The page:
You went from 180 main jets to 300 jets. That's quite a change. Original sizing for the Hornet carbs is 270 on the mains and the needle in position 4. So, you are not overly fat yet on fuel in the upper throttle positions. Kinda depends on what fuel you are running, what elevation you ride at, and what final drive sprocket you have on.

Also, having both air cleaners on, or the same of whatever for both sides is important to tuning.

Both Hornets and the Wasp here really come alive when they get up on the cam at over 4,000 RPM. They can pull the front wheel off of the pavement with not much effort.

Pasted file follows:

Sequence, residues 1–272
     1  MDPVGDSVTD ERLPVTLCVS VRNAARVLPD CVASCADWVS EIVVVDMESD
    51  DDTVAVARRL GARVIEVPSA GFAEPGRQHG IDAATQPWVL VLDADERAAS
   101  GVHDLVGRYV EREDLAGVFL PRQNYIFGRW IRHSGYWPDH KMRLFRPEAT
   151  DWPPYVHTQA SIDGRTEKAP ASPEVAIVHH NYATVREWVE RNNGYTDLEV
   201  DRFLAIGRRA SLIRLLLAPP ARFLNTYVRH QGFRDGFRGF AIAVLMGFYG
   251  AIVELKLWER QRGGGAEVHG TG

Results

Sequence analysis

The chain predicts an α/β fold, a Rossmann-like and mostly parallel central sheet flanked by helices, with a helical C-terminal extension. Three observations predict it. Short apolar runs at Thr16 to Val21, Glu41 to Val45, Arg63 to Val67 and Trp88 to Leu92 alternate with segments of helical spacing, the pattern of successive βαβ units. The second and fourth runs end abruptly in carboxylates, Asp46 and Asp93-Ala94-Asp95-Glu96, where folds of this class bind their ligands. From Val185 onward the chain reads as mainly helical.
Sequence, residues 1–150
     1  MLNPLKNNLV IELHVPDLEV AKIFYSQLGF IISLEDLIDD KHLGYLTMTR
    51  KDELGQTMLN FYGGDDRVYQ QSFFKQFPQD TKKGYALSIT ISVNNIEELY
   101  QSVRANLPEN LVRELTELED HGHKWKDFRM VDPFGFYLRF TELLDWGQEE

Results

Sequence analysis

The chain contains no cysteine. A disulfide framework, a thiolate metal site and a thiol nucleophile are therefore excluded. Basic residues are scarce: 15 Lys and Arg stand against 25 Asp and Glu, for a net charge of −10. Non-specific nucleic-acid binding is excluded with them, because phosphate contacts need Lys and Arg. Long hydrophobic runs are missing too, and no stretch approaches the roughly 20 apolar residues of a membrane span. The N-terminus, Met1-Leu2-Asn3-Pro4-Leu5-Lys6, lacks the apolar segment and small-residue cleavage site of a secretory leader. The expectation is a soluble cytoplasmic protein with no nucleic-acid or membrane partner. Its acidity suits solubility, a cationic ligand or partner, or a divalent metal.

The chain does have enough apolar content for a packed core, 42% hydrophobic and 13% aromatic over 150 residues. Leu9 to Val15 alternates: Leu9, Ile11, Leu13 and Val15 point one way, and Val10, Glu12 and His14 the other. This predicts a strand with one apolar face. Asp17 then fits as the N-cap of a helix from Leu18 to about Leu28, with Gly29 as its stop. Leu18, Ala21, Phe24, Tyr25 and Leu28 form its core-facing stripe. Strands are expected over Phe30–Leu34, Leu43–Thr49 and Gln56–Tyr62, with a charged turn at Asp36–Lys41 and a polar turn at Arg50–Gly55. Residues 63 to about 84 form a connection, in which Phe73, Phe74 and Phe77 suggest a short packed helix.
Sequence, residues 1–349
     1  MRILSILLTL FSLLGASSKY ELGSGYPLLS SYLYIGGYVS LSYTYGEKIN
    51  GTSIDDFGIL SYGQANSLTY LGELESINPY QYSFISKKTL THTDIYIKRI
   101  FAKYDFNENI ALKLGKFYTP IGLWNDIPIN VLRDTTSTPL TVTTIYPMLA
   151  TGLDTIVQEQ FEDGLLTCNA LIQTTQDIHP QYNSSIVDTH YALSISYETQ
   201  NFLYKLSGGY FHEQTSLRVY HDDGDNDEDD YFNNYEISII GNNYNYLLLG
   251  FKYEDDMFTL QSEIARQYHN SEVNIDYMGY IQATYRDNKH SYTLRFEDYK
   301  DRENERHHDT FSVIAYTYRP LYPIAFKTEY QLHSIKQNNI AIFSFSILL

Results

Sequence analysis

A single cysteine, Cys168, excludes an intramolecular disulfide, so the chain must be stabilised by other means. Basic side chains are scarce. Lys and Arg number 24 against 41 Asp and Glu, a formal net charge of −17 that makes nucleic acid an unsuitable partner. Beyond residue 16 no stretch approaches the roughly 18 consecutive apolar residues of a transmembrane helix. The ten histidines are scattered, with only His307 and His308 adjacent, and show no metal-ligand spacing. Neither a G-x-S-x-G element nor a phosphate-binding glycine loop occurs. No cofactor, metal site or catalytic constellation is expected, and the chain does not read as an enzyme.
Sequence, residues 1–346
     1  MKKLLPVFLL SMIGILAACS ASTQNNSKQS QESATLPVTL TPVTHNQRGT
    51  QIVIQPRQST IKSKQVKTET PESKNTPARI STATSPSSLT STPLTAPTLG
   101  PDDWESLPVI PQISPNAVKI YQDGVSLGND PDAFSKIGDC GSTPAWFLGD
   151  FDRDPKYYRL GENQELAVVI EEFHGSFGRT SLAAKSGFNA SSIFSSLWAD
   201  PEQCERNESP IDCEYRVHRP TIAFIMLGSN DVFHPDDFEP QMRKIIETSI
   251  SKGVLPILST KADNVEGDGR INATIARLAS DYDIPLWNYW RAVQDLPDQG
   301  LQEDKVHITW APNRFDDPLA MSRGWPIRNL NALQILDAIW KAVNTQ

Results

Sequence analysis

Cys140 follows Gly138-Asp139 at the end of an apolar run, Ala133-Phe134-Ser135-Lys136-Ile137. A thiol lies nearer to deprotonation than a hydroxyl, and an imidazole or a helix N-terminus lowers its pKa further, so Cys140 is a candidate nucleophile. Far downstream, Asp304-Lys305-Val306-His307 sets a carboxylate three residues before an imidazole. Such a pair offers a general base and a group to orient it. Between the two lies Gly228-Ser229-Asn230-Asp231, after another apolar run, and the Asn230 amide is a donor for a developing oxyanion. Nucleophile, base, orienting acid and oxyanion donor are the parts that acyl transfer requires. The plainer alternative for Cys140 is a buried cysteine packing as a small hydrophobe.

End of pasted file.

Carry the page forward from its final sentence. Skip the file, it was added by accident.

As you know, do not load it up on the hills. Drop down a gear. Working it hard on the hills and getting pinging is a disaster in the making.


1967 BSA Wasp
1967 BSA Hornet (West Coast Model)
1967 BSA Hornet (East Coast Model)
1968 BSA Firebird Scrambler
1968 BSA Spitfire Mark IV
1965 Cyclone Competition Build